Publication: Monitor Volume: 4 Issue: 117

A day after Moscow hosted talks between Russian President Boris Yeltsin and Yugoslav President Slobodan Milosevic, Russia and the West appeared yesterday to be headed in different directions on the question of Kosovo policy. Western leaders welcomed the Russian mediation effort, even allowing that it had yielded some positive results. Government officials from the United States, Britain, Italy and France, however, all indicated yesterday their dissatisfaction over Milosevic’s failure to meet two key conditions set out by the six-nation Contact Group prior to the Moscow talks: an immediate end to the violence in Kosovo and a withdrawal of Serb forces from the province. The West’s continuing concern over Belgrade’s intentions was reflected in statements by NATO officials that planning for possible military action near Kosovo would continue. U.S. Defense Secretary William Cohen added in Washington that the United States intended to keep warships and jets ready for that eventuality. Western concerns appeared to have been justified yesterday by reports of stepped-up action by the Serb forces in Kosovo. (Reuter, AP, June 17)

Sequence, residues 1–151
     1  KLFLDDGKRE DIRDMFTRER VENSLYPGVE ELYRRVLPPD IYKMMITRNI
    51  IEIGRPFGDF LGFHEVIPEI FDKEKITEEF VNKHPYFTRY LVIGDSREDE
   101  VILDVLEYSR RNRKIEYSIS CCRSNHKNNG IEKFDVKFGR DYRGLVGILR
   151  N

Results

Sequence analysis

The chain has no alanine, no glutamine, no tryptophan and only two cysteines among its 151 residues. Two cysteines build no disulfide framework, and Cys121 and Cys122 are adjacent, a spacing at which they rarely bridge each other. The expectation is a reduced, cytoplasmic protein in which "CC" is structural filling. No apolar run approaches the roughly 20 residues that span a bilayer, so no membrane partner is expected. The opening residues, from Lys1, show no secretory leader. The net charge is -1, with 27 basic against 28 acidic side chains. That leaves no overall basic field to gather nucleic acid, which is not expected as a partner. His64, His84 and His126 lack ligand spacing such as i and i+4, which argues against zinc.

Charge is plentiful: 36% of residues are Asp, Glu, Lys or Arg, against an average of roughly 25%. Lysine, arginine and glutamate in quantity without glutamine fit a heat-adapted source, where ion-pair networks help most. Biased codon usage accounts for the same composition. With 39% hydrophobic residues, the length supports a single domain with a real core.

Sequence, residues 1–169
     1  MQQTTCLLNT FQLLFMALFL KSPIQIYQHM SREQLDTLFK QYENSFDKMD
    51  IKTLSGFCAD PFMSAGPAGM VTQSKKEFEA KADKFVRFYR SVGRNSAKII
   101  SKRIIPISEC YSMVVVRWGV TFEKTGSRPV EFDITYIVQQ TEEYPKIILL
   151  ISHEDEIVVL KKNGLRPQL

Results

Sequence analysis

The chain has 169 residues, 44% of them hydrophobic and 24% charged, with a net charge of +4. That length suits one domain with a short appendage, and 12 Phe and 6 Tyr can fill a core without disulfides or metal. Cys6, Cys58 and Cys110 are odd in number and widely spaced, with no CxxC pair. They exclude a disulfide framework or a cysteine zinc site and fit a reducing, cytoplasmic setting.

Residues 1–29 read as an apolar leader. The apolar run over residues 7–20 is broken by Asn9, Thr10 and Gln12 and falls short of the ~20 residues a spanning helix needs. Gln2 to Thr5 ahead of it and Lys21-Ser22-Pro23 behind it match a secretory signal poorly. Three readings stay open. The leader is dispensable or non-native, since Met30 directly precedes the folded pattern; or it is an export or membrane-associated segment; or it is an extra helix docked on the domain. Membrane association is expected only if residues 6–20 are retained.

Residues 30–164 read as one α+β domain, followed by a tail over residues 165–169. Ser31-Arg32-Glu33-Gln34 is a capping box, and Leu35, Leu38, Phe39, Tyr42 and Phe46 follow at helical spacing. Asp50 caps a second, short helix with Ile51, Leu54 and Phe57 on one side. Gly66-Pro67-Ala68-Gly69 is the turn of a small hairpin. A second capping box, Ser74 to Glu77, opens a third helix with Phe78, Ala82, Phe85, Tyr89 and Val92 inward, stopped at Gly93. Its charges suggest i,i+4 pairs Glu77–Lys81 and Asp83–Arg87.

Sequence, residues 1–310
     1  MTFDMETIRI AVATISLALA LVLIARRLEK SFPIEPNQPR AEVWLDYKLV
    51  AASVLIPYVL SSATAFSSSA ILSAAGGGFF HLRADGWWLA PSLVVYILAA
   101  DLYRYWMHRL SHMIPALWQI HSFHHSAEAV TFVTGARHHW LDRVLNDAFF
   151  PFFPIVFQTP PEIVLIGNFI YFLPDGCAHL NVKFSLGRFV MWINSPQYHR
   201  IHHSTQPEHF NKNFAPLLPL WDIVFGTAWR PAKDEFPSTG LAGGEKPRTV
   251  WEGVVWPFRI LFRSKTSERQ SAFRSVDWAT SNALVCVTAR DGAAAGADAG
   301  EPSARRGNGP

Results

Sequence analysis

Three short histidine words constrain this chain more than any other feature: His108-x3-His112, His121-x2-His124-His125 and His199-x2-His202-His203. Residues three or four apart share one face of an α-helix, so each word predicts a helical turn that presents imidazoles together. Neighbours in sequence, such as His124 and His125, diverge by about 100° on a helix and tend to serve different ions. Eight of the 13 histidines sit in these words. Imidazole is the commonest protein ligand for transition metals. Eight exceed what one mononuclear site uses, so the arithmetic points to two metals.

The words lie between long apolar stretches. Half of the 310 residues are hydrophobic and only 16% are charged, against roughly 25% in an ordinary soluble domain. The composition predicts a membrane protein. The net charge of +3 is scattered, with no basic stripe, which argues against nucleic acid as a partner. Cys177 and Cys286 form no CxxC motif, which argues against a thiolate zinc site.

In Moscow, however, government officials continued to both treat the June 16 talks as a breakthrough and place the blame for the continuing violence on ethnic Albanian extremists. Boris Yeltsin, for example, used a telephone conversation with Italian Prime Minister Romano Prodi yesterday to call on the world community to pressure Kosovar Albanians into stopping violence and terror. (Itar-Tass, June 17) Russian Foreign Minister Yevgeny Primakov spoke similarly, repeating in a Russian television interview his comment of a day earlier that the “ball is now in the Albanians’ court.” And Russian Deputy Foreign Minister Nikolai Afanasevsky said that the main task for the world community now is to convince the Kosovar Albanians to resume talks with Belgrade. Both Afanasevsky and Primakov appeared to dismiss claims by the West–and by Kosovar Albanian leaders–that talks with Belgrade are pointless until Serb forces cease their violence and withdraw from Kosovo. Primakov said that it would be wrong at this time to demand a withdrawal of Serb forces from Kosovo. (Itar-Tass, NTV, June 17)